The boundary between routine psychiatric care and palliative psychiatric care has accordingly proven to be more elusive than that between palliative and general medicine.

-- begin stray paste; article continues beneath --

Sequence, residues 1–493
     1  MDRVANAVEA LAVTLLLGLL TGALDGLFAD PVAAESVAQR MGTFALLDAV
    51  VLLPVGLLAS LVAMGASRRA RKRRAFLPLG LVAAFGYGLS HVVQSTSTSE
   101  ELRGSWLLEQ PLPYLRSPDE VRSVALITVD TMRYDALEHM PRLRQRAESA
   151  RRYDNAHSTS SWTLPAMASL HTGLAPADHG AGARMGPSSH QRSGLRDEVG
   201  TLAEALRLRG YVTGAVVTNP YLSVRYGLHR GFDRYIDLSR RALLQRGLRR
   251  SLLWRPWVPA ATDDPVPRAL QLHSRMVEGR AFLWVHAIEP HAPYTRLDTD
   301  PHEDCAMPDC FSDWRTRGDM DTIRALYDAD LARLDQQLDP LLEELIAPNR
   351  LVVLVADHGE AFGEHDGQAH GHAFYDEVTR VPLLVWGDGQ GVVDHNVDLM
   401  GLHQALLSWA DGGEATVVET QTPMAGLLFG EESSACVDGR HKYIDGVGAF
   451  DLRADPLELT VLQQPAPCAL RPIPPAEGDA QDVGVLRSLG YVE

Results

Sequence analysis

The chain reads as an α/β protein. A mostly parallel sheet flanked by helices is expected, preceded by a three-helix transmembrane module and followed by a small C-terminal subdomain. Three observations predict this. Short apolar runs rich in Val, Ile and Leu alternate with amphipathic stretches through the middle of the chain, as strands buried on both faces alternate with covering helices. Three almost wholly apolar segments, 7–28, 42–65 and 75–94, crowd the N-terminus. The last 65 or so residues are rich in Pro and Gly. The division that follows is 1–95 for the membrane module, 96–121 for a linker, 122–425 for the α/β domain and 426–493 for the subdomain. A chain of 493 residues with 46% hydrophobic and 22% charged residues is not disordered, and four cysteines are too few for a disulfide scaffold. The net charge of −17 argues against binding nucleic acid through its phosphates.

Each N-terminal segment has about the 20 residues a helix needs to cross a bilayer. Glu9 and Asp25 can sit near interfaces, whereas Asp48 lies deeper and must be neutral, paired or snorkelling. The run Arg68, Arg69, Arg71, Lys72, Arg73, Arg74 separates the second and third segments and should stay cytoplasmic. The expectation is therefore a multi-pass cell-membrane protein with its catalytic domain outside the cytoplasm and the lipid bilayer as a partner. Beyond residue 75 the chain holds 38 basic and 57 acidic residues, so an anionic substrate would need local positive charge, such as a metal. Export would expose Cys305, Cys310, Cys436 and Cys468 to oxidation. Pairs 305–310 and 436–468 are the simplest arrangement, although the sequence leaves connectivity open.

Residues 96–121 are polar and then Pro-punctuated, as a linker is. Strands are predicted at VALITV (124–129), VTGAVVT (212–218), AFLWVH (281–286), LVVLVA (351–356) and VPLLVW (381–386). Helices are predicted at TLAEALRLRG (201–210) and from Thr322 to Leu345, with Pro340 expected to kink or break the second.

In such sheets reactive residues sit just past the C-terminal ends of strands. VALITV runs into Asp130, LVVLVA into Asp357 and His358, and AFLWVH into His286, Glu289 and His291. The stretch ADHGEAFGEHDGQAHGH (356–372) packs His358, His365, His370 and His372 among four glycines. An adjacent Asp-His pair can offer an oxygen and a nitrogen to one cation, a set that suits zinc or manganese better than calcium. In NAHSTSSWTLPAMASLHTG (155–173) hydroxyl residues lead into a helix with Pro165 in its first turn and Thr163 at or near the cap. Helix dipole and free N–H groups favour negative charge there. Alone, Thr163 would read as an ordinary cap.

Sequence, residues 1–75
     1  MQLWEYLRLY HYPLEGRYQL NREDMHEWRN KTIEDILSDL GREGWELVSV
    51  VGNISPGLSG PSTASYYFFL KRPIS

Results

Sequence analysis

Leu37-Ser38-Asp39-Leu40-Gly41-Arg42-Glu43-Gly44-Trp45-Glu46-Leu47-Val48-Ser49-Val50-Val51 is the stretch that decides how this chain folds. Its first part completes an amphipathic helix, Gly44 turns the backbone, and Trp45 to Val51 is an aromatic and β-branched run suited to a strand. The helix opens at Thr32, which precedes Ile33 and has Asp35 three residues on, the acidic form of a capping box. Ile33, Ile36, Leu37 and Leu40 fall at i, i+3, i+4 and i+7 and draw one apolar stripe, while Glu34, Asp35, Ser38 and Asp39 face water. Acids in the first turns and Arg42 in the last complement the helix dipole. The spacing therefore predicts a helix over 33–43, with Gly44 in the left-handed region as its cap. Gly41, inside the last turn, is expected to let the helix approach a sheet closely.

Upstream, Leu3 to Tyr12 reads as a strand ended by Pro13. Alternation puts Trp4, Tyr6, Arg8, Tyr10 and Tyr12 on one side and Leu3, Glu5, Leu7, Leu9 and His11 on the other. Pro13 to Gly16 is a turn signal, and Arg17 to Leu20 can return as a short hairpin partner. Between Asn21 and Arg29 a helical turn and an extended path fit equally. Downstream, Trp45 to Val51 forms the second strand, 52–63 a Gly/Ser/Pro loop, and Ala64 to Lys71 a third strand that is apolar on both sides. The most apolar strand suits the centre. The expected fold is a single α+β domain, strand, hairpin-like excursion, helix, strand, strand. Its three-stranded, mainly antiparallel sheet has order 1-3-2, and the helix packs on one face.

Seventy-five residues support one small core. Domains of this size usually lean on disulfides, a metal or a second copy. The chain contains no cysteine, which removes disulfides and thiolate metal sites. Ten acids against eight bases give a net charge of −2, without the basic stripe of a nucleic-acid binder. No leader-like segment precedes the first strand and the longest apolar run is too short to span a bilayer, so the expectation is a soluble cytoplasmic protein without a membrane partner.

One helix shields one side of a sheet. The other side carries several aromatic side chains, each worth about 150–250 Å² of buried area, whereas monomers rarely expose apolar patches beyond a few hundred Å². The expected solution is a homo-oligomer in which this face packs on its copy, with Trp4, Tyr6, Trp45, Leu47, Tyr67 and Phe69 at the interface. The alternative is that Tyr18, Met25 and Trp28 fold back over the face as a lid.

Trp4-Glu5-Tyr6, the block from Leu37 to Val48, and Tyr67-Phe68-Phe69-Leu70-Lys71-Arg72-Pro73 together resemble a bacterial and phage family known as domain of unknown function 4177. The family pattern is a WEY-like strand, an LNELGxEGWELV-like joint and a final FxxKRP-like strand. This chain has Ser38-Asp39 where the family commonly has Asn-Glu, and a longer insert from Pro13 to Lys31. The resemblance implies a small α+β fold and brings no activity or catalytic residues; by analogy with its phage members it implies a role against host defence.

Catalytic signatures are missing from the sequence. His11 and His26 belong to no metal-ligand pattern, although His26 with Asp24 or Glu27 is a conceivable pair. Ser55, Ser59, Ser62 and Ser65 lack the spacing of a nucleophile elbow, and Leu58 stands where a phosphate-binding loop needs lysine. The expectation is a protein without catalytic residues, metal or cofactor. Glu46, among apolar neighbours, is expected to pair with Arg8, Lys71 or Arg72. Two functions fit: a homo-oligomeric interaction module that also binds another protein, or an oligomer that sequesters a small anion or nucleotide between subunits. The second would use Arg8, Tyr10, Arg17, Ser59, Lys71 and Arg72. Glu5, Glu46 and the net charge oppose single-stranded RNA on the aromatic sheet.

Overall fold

Ghaemi, building on earlier work with Selker,6 calls for evidence of disease modification to meet a certain threshold.5 For instance, this would require that reduction of future episodes of illness be demonstrated in randomized trial designs other than “randomized discontinuation” trials,6 that evidence for modification of long-term course should not come only from observational studies, and that evidence for neuroprotection should involve a range of neuroprotective markers and be shown in vivo in humans. There is evidence that antidepressants do reduce risk of future relapse of depression7 and enhance neuroplasticity and neurogenesis,8 that early treatment of psychosis modifies long-term course,9 and that antipsychotics lower mortality,9 but this body of evidence doesn’t meet the criteria laid out by Ghaemi.5 In other words, there is evidence suggestive of disease modification, but the scientific debate on this issue extends to what threshold of evidence is sufficient for us to accept that disease modification is taking place. There are additional considerations, such as the hypothesized “kindling” phenomenon in mood disorders, according to which each episode of a mood disorder reinforces brain pathways that render the individual more susceptible to a future episode. It is hypothesized that early treatment may modify this progression.10 While I do consider neuroscientific hypotheses and observational evidence in support of disease modification to be important and relevant, it is not my intention to settle the matter here in either direction; we only have to note that uncertainty about the evidence complicates labeling an intervention as disease modifying or symptom reducing. In particular, if we link the palliative status of psychopharmacological treatment to whether or not it is disease modifying, we’d have to acknowledge that there is a lack of scientific consensus on the matter, precluding us from saying with certainty whether the intervention is palliative or not. This circumstance prompts us to consider other standards by which psychiatric treatments may be judged to be palliative.